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Re: UPGRADE: Wording

From: Roy T. Fielding <fielding@avron.ICS.UCI.EDU>
Date: Mon, 01 Apr 1996 20:07:48 -0800
To: Henrik Frystyk Nielsen <frystyk@w3.org>
Cc: http-wg%cuckoo.hpl.hp.com@hplb.hpl.hp.com, jg@w3.org
Message-Id: <9604012007.aa28069@paris.ics.uci.edu>
> I think that Roy's wording is a good start, but it has two important
> limitations that should be resolved:
> 
> 1) It allows for switching protocols on the _same_ connection only. I
> think it is important that the header allows for upgrade on a
> different connection in order to provide sufficient support for having
> HTTP being a control connection for real time protocols, for example.

I don't.  If such a thing is desirable then it can already be implemented
via a redirect to a different URL.  However, I don't know of any real
time (or other) protocol for which it makes sense to use HTTP as the
control.  In any case, this is not a problem which Upgrade was intended
to solve -- it only handles the case of replacement of the current
application protocol with something else on the same connection.
Furthermore, the new protocol (post-Upgrade) may indeed be capable
of spawning new connections (or multiplexing within the existing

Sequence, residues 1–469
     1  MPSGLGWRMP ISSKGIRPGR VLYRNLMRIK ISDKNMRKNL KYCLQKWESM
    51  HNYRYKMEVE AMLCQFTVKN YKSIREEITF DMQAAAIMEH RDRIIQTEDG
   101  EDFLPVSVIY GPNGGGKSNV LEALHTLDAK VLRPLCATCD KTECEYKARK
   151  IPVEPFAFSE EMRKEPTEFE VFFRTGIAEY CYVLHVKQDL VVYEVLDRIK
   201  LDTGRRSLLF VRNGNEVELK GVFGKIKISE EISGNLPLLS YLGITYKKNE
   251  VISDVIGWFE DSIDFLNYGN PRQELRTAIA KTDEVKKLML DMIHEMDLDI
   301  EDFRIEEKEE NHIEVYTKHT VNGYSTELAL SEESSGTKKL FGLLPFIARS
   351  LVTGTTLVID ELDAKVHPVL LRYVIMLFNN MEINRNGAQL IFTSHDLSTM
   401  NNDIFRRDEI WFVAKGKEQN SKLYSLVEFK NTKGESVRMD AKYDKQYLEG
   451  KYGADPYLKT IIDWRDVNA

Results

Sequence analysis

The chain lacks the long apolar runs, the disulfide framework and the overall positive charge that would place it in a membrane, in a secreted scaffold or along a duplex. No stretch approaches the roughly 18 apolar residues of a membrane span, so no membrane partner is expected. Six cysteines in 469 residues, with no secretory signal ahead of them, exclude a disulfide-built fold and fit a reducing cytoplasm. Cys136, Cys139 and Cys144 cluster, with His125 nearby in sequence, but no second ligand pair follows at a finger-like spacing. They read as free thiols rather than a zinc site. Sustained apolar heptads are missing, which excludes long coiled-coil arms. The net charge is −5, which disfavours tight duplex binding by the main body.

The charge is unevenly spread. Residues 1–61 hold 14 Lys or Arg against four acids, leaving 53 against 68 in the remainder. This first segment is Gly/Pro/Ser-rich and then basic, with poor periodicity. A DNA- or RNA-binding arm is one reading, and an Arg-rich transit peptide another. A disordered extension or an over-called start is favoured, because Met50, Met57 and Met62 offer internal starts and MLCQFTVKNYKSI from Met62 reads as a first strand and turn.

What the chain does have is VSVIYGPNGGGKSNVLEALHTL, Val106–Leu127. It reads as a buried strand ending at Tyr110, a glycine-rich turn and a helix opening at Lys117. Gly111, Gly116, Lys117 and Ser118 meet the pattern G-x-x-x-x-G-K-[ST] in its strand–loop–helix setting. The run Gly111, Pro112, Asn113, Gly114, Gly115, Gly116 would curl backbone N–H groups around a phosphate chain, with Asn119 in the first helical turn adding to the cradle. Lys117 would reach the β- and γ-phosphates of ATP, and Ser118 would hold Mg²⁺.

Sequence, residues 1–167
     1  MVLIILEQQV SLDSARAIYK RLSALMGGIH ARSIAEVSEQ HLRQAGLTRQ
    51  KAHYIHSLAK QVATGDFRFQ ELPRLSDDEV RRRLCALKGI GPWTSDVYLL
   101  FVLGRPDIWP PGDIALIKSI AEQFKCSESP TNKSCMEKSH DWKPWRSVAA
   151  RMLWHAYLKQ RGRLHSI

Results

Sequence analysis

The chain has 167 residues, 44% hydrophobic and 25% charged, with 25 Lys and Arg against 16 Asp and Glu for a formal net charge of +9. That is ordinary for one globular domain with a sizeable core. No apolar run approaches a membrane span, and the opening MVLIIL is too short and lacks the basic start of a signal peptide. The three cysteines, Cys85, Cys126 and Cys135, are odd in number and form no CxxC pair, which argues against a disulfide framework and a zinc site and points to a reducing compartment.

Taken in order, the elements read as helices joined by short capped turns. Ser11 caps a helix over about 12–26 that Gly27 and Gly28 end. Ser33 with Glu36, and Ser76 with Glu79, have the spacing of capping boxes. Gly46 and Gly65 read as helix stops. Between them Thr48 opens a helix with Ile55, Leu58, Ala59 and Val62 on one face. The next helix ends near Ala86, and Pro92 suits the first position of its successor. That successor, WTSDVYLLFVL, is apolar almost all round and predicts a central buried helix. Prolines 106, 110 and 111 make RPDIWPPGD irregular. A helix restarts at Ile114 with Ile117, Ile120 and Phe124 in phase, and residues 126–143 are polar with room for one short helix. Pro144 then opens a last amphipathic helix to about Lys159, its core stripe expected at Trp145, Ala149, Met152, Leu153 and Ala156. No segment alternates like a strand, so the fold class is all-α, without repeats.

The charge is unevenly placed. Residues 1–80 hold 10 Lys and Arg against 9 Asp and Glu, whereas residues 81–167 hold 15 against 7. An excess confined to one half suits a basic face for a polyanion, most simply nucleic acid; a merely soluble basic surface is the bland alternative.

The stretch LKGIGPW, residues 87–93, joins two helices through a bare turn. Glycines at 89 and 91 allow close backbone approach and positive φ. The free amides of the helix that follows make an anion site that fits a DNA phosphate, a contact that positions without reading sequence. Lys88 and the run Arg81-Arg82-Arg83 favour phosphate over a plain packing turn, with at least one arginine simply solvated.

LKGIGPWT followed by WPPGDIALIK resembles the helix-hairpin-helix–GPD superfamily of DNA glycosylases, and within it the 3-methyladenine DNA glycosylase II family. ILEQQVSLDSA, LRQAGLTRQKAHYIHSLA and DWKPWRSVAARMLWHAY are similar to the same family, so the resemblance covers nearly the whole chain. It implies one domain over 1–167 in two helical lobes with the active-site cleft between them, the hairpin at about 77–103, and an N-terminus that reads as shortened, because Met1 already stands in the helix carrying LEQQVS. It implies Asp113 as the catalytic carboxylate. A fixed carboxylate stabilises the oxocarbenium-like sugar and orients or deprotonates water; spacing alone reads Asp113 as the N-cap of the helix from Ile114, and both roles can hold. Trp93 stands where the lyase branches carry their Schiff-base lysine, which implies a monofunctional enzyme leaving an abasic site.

connection).

> 2) The naming of the protocol may not be sufficiently detailed as it
> does not allow for composite names and versions built together in a
> protocol stack.

It provides for a list of protocol names that are accepted by the client
for the purpose of an upgraded connection.  Composite names and protocol
stacks do not have an affect on the protocol name (unless the name
itself is a composite, which is already supported).  There are other
things that will be supported by PEP, but even PEP will need Upgrade
in order to change from HTTP/1.x to HTTP/2.x.

> 3) The client can not require that a protocol specified in the upgrade
> header is used by the server.

Right, it doesn't -- that is not the purpose of Upgrade and is the purpose
of PEP.  At the same time, PEP cannot say "change the current connection
to one using HTTP-NG" because PEP exists within HTTP.

> There are a number of possible solutions to this. First, we could use
> the notion from Simon Spero's original draft on HTTP-NG that also
> supports spawning off other connections or we could use the more
> traditional FTP solution for PORT and PASV. Second we could use a
> protocol naming scheme as used by ILU (32 bit hash) or as suggested by
> Rohit Khare in his PEP proposal.

A name is a name -- what you make of it is what you want to make of it.
There is no functional difference between a 32 bit hash and an
unrestrained token.  PEP is far too complex for an optional
application-layer protocol switch; that complexity serves its purpose,
but PEP's purpose is far more exuberant than that of Upgrade.

> 10.41 Upgrade
> 
> The Upgrade general-header allows the client to specify what
> additional communication protocols it supports and would like to use
> if the server finds it appropriate to switch protocols. The server
> must use the Upgrade header field within a 101 (switching protocols)
> response to indicate which protocol(s) are being switched.
> 
>        Upgrade        = "Upgrade" ":" 1#product
> 
> For example, 
> 
>        Upgrade: HTTP/2.0, SHTTP/1.3, IRC/6.9, RTA/x11
> 
> | The purpose of the Upgrade header is to allow easier migration across